Tongue-Twister - łamańce językowe
Tongue twisters to zabawny i ciekawy sposób na ćwiczenie wymowy. Przeczytaj poniższe zdania w tempie wolnym, a później coraz szybciej. Dobrym pomysłem jest nagranie siebie podczas wykonywania w/w czynności, a następnie odsłuchanie nagrania w celu sprawdzenia poprawności wymowy i skorygowania ewentualnych błędów. Powodzenia!
A sequence of words, often alliterative, difficult to articulate quickly. Tongue-twisters may rely on similar but distinct phonemes (e.g., s [s] and sh [ʃ]), unfamiliar constructs in loanwords, or other features of a language. The hardest tongue-twister in the English language according to Guinness World Records is supposedly 'The sixth sick sheikh's sixth sheep's sick'.
Many tongue-twisters use a combination of alliteration and rhyme. They have two or three sequences of sounds, then the same sequences of sounds with some sounds exchanged. One example is Betty Botter: 1
Betty Botter bought a bit of butter. The butter Betty Botter bought was a bit bitter And made her batter bitter. But a bit of better butter Makes batter better. So Betty Botter bought a bit of better butter, Making Betty Botter's bitter batter better.
Some tongue-twisters are short words or phrases, which become tongue-twisters when repeated rapidly, often expressed as "Say this ten times fast!".
"Wet rain." "Peggy Babcock" "Thin Thing" "French friend" "Bridget is British" "Red Leather, yellow Leather" "Unique New York" "Sometimes sunshine" "Irish wristwatch" "Tasty Twister" "Soldiers' Shoulders" "Flammable Flanimal"
"Big whip" is another that is difficult for some people to say quickly, due to the lip movement required between the "g" and "wh" sounds. Some well-known English tongue-twisters are:
Billy blew a blue bubble while bouncing on a bongo.
Peter Piper picked a peck of pickled peppers, A peck of pickled peppers Peter Piper picked. If Peter Piper picked a peck of pickled peppers, Where's the peck of pickled peppers Peter Piper picked?
But if Peter Piper picked a peck of pickled peppers, Were they pickled when he picked them from the vine? Or was Peter Piper pickled when he picked the pickled peppers Peppers picked from the pickled pepper vine?
"How much wood would a woodchuck chuck?":
How much wood would a woodchuck chuck if a woodchuck could chuck wood? A woodchuck would chuck all the wood that he could if a woodchuck could chuck wood.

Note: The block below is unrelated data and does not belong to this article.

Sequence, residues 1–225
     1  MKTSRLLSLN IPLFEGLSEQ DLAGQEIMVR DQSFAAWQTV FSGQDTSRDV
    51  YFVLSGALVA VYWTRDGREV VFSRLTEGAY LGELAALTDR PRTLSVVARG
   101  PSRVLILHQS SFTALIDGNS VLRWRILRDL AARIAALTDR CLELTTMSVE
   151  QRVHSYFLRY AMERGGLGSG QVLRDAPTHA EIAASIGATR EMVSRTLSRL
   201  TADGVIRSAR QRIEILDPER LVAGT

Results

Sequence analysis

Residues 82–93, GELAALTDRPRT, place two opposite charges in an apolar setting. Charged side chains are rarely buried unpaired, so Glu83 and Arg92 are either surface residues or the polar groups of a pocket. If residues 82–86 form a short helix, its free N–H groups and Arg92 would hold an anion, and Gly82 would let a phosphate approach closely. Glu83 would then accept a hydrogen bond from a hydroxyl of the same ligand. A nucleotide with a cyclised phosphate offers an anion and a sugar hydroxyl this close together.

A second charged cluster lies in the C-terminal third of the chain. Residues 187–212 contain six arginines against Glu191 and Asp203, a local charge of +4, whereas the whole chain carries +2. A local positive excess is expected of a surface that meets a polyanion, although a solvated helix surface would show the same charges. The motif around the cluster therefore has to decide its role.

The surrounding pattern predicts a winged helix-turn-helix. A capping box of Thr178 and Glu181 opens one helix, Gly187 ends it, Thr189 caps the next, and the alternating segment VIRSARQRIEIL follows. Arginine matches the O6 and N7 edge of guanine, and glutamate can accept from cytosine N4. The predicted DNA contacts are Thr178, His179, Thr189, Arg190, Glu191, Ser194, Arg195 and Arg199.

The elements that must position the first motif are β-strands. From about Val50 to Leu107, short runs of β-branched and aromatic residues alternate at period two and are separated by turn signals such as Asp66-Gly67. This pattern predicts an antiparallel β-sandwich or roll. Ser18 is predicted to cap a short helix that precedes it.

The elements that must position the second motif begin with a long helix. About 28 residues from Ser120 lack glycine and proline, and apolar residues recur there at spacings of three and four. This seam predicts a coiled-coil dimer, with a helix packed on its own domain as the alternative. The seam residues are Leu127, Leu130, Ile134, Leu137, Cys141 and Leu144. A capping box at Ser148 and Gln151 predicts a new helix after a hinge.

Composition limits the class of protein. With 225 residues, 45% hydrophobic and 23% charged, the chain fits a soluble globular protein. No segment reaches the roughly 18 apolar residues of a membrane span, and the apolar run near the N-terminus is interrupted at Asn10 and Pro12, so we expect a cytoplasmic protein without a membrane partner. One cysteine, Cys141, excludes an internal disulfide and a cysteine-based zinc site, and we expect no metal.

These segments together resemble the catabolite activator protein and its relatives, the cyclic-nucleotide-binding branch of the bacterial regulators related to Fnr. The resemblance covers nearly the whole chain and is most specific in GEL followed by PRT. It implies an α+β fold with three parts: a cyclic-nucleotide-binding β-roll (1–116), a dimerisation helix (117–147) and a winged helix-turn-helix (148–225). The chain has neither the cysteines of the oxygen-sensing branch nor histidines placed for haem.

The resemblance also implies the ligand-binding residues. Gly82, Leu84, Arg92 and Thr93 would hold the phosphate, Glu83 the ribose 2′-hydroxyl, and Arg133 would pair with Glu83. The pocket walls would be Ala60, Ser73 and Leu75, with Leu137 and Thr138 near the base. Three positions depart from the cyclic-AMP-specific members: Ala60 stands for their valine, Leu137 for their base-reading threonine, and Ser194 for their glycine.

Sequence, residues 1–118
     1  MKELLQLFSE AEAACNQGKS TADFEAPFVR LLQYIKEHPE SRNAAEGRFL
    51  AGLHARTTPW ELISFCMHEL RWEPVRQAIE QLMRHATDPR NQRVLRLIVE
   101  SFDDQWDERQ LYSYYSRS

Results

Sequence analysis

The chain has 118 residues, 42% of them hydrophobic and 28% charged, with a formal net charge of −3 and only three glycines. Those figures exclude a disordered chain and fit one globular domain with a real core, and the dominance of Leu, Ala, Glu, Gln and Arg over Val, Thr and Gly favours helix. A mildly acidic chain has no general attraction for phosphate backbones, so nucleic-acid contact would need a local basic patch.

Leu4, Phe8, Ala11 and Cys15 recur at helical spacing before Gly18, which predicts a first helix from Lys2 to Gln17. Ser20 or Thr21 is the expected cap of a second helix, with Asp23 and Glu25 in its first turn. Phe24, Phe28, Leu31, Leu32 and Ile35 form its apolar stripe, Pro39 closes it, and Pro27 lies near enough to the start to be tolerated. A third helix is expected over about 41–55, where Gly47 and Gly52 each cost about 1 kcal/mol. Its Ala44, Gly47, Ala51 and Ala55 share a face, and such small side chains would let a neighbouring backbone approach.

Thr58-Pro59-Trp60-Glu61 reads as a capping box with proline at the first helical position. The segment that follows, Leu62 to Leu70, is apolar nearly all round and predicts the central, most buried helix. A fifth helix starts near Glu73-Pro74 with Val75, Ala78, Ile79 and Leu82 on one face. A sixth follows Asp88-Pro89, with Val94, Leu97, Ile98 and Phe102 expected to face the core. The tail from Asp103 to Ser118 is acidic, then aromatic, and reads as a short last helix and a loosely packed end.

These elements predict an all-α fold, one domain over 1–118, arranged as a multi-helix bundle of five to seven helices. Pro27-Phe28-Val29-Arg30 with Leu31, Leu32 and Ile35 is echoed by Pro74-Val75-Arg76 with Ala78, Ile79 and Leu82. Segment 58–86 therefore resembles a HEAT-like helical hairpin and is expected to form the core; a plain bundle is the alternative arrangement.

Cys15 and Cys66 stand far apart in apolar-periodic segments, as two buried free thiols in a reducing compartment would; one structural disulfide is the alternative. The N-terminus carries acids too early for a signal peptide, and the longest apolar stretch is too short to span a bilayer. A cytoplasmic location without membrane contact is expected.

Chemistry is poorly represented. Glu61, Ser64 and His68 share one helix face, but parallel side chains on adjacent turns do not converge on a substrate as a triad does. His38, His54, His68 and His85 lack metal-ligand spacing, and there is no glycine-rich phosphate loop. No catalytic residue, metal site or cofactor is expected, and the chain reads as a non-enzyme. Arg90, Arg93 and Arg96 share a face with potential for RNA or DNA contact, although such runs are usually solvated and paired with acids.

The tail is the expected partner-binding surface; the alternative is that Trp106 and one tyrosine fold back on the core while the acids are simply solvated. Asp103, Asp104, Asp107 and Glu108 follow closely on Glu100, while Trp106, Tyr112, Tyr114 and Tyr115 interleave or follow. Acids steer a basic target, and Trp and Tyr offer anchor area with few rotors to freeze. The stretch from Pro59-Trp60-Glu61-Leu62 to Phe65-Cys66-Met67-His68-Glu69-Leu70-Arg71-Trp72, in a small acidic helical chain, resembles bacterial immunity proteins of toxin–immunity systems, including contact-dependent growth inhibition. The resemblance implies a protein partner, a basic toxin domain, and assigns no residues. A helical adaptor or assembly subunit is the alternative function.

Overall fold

and using the same format,
"How many cars can a carpark park?":
How many cars can a carpark park if a carpark could park cars? A carpark could park all the cars that it could if a carpark could park cars
Six sick hicks nick six slick bricks with picks and sticks.
Sister Suzie sewing shirts for soldiers Such skill at sewing shirts Our shy young sister Suzie shows Some soldiers send epistles Say they'd rather sleep in thistles Than the saucy, soft short shirts for soldiers Sister Suzie sews
"She sells sea shells":
Sister Sue sells sea shells. She sells sea shells on shore. The shells she sells. Are sea shells she sees. Sure she sees shells she sells.
You've known me to light a night light on a light night like tonight.
or a variation:
There's no need to light a night light on a light night like tonight, for a night light's a slight light on tonight's light night.
Theophilus Thistle, the successful thistle sifter, was sifting a sieveful of unsifted thistles, when he swiftly thrust the thistle through the thick of his thumb.
Fuzzy wuzzy was a bear, Fuzzy wuzzy had no hair, Fuzzy wuzzy wasn't fuzzy, was he? (wuzzy)
The well-known sentence:
How much wood would a woodchuck chuck if a woodchuck could chuck wood?
has alliteration but is not a true tongue-twister because repeating the words would and chuck multiple times is not difficult to speak. In contrast, the following sentence:
How many slips would a slip ship shift If a slip ship could shift slips?
is a tongue-twister because the letters f and p and the letters s and sh are interchanged in an unfamiliar sequence that is difficult to speak without practice. Some tongue-twisters are specifically designed to cause the inadvertent pronunciation of a swearword if the speaker stumbles verbally. An example of this sort:
I'm not the pheasant plucker, I'm the pheasant plucker's mate, And I'm only plucking pheasants 'cause the pheasant plucker's late. I'm not the pheasant plucker, I'm the pheasant plucker's son, And I'm only plucking pheasants till the pheasant pluckers come.
Another variation on the "pheasant" theme:
I am a mother pheasant plucker. I pluck mother pheasants. I am the most pleasant mother pheasant plucker to ever pluck a mother pheasant.
I'm a sheet slitter If sheets need slitting, Sheets I slit.
A famous variation on the former used by Steve Martin in The Jerk where, amazed, Martin exclaims "Hey, I can now say:":
I slit the sheet The sheet I slit I sit upon The sheet I slit
There was one smart feller and he felt smart There were two smart fellers and they felt smart There were three smart fellers and they all felt smart
Polish tongue twisters
Chrząszcz brzmi w trzcinie w Szczebrzeszynie, Strząsa skrzydła z dżdżu, A trzmiel w puszczy, tuż przy Pszczynie, Straszny wszczyna szum... Król Karol kupił królowej Karolinie korale koloru koralowego. Siedzi Jerzy na wieży i nie wierzy, że na wieży jest gniazdo jeży i sto jeżozwierzy. Wyindywidualizowaliśmy sie z rozentuzjazmowanego tłumu, który entuzjastycznie oklaskiwał przeintelektualizowana i przekarykaturalizowaną sztukę.